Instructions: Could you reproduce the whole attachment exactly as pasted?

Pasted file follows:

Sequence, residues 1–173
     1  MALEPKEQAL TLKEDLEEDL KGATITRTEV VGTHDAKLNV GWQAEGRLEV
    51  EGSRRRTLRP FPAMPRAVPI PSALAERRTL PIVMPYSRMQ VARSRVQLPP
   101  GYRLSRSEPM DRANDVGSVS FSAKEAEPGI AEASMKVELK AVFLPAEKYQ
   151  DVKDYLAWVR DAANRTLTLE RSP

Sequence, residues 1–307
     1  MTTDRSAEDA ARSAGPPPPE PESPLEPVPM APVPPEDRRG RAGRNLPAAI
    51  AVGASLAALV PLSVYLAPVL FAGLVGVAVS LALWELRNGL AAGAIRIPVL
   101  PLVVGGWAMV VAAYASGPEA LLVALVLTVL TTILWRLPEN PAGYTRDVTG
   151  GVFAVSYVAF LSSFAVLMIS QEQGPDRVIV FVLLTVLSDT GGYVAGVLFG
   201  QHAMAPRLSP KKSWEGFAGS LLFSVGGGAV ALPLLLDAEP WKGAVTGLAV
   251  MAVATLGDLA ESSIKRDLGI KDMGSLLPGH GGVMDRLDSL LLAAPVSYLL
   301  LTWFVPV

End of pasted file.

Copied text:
Sequence, residues 1–173
     1  MALEPKEQAL TLKEDLEEDL KGATITRTEV VGTHDAKLNV GWQAEGRLEV
    51  EGSRRRTLRP FPAMPRAVPI PSALAERRTL PIVMPYSRMQ VARSRVQLPP
   101  GYRLSRSEPM DRANDVGSVS FSAKEAEPGI AEASMKVELK AVFLPAEKYQ
   151  DVKDYLAWVR DAANRTLTLE RSP

Sequence, residues 1–307
     1  MTTDRSAEDA ARSAGPPPPE PESPLEPVPM APVPPEDRRG RAGRNLPAAI
    51  AVGASLAALV PLSVYLAPVL FAGLVGVAVS LALWELRNGL AAGAIRIPVL
   101  PLVVGGWAMV VAAYASGPEA LLVALVLTVL TTILWRLPEN PAGYTRDVTG
   151  GVFAVSYVAF LSSFAVLMIS QEQGPDRVIV FVLLTVLSDT GGYVAGVLFG
   201  QHAMAPRLSP KKSWEGFAGS LLFSVGGGAV ALPLLLDAEP WKGAVTGLAV
   251  MAVATLGDLA ESSIKRDLGI KDMGSLLPGH GGVMDRLDSL LLAAPVSYLL
   301  LTWFVPV